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Publication numberUS2156880 A
Publication typeGrant
Publication dateMay 2, 1939
Filing dateDec 2, 1937
Priority dateDec 2, 1937
Publication numberUS 2156880 A, US 2156880A, US-A-2156880, US2156880 A, US2156880A
InventorsSlomon Ira I
Original AssigneeSlomon Ira I
Export CitationBiBTeX, EndNote, RefMan
External Links: USPTO, USPTO Assignment, Espacenet
Apparel protector and indicator
US 2156880 A
Images(1)
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Description  (OCR text may contain errors)

May 2, 1939- l. l. sLoMoN I2,156,880

APPAREL PROTECTOR AND INDICATOR Filed Dec. 2, 1937 @'17 viga/Z'- .Z'Orp op Patented May 2, 1939 UNITED sTATEs 15ans PATENT orifice 10 Claims.

This invention relates to apparel protectors.

The primary object of the invention is to provide a protecting device for apparel of that character which comes in contact with the body, to prevent the apparel from becoming soiled and shopworn through normal trial fittings toA which such apparel is subjected prior to the sale by the retail merchant.

Retail merchants of apparel have been embarrassed, nancially and otherwise, by the certain unethical practice in the consumer trade which entails great iinancial loss, and also loss of patronage. Such practice involves the purchase of apparel from the merchant, and the return of the apparel after wearing for a refund of the full sale price, with the purchaser avowing the apparel has never been worn. Under these conditions, the retail merchant is helpless to contradict the perdious purchaser without positive proof, for any argument, albeit justinable, causes loss of patronage. The merchant is obliged to accept the returned merchandise, refund the sale price, and sell it, as best he can, as seconds or as shop worn apparel at a great loss.

Another important feature of the present invention involves the construction of the protector to embody an indicator which remains inactive to body contact during trial iittings by the retail l merchant; but which may be rendered sensitive, at the time the apparel is sold, to abnormal wear beyond that period necessary for a normal trial tting by the purchaser.

Further objects of the invention are to provide HJ a device of the character referred to which is thoroughly reliable and eflicient for its intended use; that is easily manipulated by the sales person; that requires no particular or special knowledge to operate; that is easily and economically applied without appreciably detracting from the appearance of the apparel; that is positive in detecting apparel that has been subjected to wear other than normal trial fitting; and that is comparatively inexpensive to manufacture.

With the foregoing and other objects in view, the invention consists of a novel combination, assembly, and arrangement, as will hereinafter be more specifically described and illustrated in the accompanying speciiication and drawings, butl it is to be understood that changes, variations, and modifications may be resorted to without departing from the subjoined claims.

In the drawing wherein is disclosed the preferred embodiment of the invention, and wherein like reference characters indicate like parts throughout the several views:

Figure l is a front elevation of a person in upright posture bedecked with certain wearing apparel, illustrating the manner in which the protector may be combined with apparelwhich contacts the human body.

Figure 2 is an enlarged fragmentary perspective view partly in section, in the area of a neck or the waist line respectively, ofthe waist and under pants of the apparel illustrated in Fig. 1, showing :inadaptation therewith, of the present invention.

Figure 3 is a partly exploded view similar to Fig. 1, showing the protector applied, and also showing the insensitive and impregnable cover partly removed, and also showing a partici' the indicating ply, layer, or strip prepared for sensitizing reaction upon coming in contact with the body.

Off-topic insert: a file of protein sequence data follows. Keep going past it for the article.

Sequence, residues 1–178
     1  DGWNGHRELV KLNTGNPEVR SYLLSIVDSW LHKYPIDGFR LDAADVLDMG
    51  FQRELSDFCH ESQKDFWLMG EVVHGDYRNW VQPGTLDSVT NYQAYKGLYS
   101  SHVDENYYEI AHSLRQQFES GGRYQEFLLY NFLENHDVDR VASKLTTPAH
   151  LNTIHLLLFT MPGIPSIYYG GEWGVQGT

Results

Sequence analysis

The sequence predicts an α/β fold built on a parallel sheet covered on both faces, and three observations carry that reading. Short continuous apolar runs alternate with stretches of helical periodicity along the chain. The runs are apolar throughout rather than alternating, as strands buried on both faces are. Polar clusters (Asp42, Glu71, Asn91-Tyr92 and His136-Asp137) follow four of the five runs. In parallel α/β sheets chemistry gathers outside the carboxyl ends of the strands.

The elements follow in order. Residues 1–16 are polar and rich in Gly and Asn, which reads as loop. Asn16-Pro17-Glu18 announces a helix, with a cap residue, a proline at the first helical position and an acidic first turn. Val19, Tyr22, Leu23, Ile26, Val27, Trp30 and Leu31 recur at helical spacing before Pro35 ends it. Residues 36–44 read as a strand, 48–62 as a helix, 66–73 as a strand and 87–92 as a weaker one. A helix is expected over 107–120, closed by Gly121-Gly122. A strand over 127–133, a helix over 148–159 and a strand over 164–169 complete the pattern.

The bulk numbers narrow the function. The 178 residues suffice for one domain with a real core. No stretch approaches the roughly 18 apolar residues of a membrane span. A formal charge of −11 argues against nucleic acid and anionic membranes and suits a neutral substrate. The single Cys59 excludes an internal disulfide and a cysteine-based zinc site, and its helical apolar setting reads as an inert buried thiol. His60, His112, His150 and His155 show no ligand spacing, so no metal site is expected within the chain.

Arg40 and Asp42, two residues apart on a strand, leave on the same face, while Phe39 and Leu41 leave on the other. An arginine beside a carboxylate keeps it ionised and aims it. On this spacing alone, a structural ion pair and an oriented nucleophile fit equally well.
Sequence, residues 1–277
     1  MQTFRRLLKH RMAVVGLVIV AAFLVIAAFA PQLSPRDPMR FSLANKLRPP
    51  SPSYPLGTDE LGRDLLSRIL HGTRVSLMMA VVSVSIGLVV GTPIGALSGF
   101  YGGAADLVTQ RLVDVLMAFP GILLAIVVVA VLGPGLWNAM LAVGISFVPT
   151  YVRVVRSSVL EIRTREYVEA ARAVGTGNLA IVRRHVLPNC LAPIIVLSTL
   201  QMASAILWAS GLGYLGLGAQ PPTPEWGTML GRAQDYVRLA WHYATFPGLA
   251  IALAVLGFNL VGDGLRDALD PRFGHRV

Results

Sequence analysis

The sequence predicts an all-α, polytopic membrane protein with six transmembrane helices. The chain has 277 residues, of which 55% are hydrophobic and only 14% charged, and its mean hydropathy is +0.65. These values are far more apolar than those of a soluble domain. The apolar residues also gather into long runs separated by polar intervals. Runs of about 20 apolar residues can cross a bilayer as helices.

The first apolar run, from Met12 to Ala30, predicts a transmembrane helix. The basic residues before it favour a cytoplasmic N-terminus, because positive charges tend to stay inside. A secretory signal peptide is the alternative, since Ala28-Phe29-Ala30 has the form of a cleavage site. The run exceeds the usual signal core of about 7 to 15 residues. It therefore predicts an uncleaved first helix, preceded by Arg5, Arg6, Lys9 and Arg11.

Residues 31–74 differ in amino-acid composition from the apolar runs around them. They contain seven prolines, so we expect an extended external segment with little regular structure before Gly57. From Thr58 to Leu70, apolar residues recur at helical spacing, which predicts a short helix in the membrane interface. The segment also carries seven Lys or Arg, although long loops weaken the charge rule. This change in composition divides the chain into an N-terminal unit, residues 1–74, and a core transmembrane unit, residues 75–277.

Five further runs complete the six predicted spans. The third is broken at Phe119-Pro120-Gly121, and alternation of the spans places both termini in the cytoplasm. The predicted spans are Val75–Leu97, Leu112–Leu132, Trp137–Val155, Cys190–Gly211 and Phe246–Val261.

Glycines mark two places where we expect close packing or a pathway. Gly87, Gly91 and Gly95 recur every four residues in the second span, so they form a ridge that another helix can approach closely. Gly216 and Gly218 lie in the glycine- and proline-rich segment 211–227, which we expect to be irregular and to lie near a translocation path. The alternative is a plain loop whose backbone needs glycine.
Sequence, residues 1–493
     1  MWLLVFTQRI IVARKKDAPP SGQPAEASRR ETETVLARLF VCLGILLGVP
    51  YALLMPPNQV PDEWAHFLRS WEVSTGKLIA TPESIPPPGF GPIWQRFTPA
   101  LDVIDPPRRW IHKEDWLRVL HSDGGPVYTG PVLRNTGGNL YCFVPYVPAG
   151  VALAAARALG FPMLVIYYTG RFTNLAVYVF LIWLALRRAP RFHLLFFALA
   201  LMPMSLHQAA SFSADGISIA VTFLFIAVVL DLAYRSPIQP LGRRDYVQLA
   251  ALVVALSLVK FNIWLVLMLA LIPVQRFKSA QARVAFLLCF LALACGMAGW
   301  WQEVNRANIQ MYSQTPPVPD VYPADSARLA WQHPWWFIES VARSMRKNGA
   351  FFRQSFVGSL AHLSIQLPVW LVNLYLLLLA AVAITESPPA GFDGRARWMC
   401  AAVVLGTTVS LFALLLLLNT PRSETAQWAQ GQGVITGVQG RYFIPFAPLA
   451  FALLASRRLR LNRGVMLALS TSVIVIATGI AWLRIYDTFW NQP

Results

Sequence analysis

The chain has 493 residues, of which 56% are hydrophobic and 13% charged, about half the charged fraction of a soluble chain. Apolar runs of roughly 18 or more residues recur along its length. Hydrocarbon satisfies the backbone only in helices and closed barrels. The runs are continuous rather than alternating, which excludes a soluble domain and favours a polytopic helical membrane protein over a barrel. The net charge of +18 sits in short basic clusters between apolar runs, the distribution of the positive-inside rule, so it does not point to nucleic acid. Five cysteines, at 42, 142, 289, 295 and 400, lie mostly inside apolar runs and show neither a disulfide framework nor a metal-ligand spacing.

Figures 4 and 5 are fragmentary plan views of the indicator ply, layer, or strip removed from the apparel, and showing the indicator after it has been sensitized or developed by contact with the body, and further showing two different designs or motifs on the indicator strip. 5

Figure 6 is a plan View of the protector applied to the inside smooth panel of apparel such as a stocking indicated at D in Figure 1.

Figure 7 is a View similar to Fig. 6, showing the insensitive or impregnable cover removed, and also showing the indicator strip after it has been sensitized or developed by contact with the body, and further showing another design in addition to those shown in Figs. 3 and 4.

It is the aim of the present invention to devise a protector for apparel of the character that comes in contact with the body of the person. The invention is adapted for use on all kinds of apparel, and although the invention is illustrated in connection with apparel worn by women, its adaptation to girls, boys and Lmens apparel is so obvious from the illustrations as to need no further illustration to teach its application to girls, boys and mens apparel. That is to say, illustrating the invention on the neck part of a ladys waist as shown in the drawing, teaches the application of the invention to the necks of under and outer shirts for men, Women, boys, and girls, because there is little7 if any, appreciable difference between the neck construcn tions of the different garments. It is also believed that in teaching the application of the invention to the arm hole structure in a ladys waist, it will be obvious that it is adaptable to arm hole structures in under-shirts, and outershirts, as well as dress shirts for men, women, boys, and girls. This arm-hole structure would also apply to incorporating the protector over the crotch of under and outer pants. Moreover, it is believed that teaching an application of the invention to stockings and under pants in the drawing, would make its adaptation to these garments clear to those skilled in the art, regardless of Whether the stockings and under parts are made for men, Women, boys or girls. Furthermore, it is to be noted that, in addition to the apparel specifically illustrated, the application of the invention to all other articles of apparel such as gloves, collars, coats, pants, corsets, brassires, petticoats, slips, hats and caps, will be obvious to those skilled in the art. It is, therefore, a feature of the present invention to provide a protector, which is adaptable for embodiment in all articles of apparel that, in their customary position on the human body, come in contact with the body.